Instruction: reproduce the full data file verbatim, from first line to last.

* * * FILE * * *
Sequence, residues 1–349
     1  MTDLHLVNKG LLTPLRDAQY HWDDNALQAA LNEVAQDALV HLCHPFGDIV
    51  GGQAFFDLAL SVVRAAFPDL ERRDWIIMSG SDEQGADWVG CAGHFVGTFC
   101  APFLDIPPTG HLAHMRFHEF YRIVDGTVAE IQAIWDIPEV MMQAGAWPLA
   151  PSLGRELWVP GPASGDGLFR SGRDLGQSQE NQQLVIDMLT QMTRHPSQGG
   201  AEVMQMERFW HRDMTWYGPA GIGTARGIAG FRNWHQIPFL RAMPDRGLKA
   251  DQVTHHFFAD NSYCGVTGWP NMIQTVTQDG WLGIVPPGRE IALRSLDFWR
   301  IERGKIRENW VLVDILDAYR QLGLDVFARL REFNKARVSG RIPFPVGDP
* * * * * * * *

Sequence, residues 1–349
     1  MTDLHLVNKG LLTPLRDAQY HWDDNALQAA LNEVAQDALV HLCHPFGDIV
    51  GGQAFFDLAL SVVRAAFPDL ERRDWIIMSG SDEQGADWVG CAGHFVGTFC
   101  APFLDIPPTG HLAHMRFHEF YRIVDGTVAE IQAIWDIPEV MMQAGAWPLA
   151  PSLGRELWVP GPASGDGLFR SGRDLGQSQE NQQLVIDMLT QMTRHPSQGG
   201  AEVMQMERFW HRDMTWYGPA GIGTARGIAG FRNWHQIPFL RAMPDRGLKA
   251  DQVTHHFFAD NSYCGVTGWP NMIQTVTQDG WLGIVPPGRE IALRSLDFWR
   301  IERGKIRENW VLVDILDAYR QLGLDVFARL REFNKARVSG RIPFPVGDP